Image Source: “Marketing Reflection – Thoughts on Customer Experience” PDF
Bonus tip: According to my research, the financial value of the firm is strongly correlated with placement on the CX Maturity Curve. The firms at the Embedded stage are valued at an EBITDA multiple of 14.16 stage, whereas firms at the Discovered stage are valued at an EBITDA multiple of 7.26:
Image Source: “Marketing Reflection – Thoughts on Customer Experience” PDF
Key takeaway: There is ample evidence that companies that perform well in delivering outstanding customer experiences are more profitable (e.g., higher margins, earnings, CLTV, PE ratio, etc.), have happier employees, and have higher customer satisfaction, loyalty, and “recommend” scores.
The ‘Sorry’ Side of the CX Journey: The Rationale Behind Company Apologies
In my opinion, apologies that are rooted in uncontrollable situations are more likely to be taken well by customers.
Note: This line has been taken from Charles PDF – “Marketing Reflection Sorry” PDF
That said, the true mark of a ‘great’ company is how it handles its disgruntled customers. That said, companies have taken up the use of the apology too often without understanding the underlying reasons for the apology, and how to engage with customers with sincerity, authenticity, and a commitment to action.
Though apologies are just one part of customer experience, they are a critical part because, as customers engage more with companies, the frequency for an apology is likely to increase. More importantly, apologies are a central element in determining how we feel about a company. And, how we feel about a company impacts liking, forgiveness, trust, and host of other emotions that determine company success. In sum, change how you issue apologies, and you’ll see improvements in your customer experience score.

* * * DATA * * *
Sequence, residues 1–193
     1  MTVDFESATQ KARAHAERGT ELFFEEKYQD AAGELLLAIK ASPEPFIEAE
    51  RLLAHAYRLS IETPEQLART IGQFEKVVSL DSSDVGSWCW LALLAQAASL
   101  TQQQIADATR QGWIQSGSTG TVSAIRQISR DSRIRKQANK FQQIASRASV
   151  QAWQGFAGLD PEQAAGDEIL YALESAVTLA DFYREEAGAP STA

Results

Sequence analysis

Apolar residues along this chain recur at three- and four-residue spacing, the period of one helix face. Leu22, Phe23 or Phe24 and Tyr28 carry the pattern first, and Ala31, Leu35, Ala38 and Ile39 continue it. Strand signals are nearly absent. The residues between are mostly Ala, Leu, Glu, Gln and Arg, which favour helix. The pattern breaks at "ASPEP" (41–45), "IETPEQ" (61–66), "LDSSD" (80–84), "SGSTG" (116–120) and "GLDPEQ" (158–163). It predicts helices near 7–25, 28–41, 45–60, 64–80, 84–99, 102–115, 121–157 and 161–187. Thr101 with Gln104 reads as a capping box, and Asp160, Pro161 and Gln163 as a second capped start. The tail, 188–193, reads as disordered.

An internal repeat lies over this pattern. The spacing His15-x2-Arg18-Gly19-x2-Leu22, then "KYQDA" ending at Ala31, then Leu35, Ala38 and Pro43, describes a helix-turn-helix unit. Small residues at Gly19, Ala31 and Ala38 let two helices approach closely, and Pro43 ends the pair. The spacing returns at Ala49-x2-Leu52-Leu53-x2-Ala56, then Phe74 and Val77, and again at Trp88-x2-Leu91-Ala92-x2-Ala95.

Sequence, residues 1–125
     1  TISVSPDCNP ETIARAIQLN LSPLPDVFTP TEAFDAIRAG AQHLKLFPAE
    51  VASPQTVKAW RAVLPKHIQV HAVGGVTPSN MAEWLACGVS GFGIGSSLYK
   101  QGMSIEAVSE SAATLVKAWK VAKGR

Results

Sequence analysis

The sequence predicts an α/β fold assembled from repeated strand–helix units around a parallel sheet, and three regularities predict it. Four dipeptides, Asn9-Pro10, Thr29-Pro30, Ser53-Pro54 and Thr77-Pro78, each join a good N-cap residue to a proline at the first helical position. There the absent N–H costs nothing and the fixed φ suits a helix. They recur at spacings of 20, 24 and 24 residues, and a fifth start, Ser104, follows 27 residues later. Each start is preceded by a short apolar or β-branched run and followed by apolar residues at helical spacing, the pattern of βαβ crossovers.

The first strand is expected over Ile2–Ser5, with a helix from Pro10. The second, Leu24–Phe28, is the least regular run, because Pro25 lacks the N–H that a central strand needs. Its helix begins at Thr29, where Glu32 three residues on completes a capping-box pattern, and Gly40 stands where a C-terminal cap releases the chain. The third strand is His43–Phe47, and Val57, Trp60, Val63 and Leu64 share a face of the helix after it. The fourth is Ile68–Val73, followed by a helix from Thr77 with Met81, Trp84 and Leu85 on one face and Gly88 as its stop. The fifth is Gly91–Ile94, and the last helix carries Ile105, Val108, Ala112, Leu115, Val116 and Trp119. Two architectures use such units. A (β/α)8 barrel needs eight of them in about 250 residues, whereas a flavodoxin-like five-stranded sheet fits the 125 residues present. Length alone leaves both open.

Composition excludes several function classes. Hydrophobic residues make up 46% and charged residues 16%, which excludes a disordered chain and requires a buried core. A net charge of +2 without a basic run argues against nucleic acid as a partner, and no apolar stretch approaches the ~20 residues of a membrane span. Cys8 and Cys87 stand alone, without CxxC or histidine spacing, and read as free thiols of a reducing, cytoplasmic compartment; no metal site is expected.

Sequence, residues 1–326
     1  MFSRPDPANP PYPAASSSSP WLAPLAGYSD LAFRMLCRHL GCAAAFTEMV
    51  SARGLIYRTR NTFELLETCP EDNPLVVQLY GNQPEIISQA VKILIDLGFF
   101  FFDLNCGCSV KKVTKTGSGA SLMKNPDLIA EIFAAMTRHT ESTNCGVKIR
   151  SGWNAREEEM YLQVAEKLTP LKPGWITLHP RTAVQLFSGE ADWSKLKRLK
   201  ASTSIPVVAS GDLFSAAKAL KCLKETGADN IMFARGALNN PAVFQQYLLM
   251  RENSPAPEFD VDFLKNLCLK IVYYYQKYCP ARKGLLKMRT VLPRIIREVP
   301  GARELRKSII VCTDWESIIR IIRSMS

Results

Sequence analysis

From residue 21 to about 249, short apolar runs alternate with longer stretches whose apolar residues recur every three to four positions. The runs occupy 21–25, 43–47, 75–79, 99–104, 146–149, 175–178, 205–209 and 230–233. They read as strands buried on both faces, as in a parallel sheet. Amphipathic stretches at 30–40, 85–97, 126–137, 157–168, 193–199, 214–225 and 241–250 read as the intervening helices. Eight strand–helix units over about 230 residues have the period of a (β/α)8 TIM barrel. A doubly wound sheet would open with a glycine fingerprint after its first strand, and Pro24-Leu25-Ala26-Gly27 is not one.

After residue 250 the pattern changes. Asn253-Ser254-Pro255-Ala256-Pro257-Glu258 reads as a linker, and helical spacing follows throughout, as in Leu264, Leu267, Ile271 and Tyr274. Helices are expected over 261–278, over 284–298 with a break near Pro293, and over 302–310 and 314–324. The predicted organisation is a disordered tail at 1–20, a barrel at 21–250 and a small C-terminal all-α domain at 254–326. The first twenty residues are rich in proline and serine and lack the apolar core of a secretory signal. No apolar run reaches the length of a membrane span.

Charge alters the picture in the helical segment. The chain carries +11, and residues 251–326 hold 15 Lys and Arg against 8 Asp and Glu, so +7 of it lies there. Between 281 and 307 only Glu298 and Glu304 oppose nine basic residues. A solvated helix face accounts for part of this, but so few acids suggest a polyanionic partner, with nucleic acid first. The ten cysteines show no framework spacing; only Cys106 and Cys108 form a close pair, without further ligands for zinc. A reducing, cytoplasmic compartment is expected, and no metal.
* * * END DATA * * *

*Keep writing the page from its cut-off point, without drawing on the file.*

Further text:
So, if as an enterprise, you’ve often found yourself at the end of the rope, here three key ideas that you can implement when apologizing to customers to enhance the CX:
Image Source: “Marketing Reflection Sorry” PDF
AL: Action Level
CL: Company Level/Control
- Explain the rationale behind the company policy: This helps generate understanding and possibly empathy instead of frustration. Plus, it can provide insights into a customer’s mind that can lead to valuable policy modifications.
- Explain why and how the customer’s issue is being affected by the supply chain: Transparency is key. The central idea is for companies to suggest alternative solutions, e.g., accessing products from another company, notifying the customer when solutions have been found, etc., and finally following up with the customer to assure a solution has been implemented.
- Explain exactly what uncontrollable issue(s) is affecting the customer: The company needs to explain when the uncontrollable issue will be eased, and what action the company is taking to mitigate, e.g., lobbying, working on industry committees, etc.
The golden rule: It’s critical for company representatives to use, “I’m sorry, and here’s what I’m going to do for you.” The sorry follow-on goes a long way to build reciprocity.
“47% of the survey respondents identify digital channels as their preferred method for company contact.” – A U.S. Household Survey
Note: This statistic has been taken from Charles PDF hyperlinked above.
Here are my two cents on the current CX climate: Brands need to integrate emotions with technology that allows customers to self-serve in order to reap the full benefits of a rock-solid customer base, enjoy greater value creation, leverage higher purchasing power, experience increased loyalty, and engage in self-driven advocacy. While this may seem like a Herculean task at first, it can be done keeping in mind your customer’s ’emotional compatibility’ with your brand’s offerings.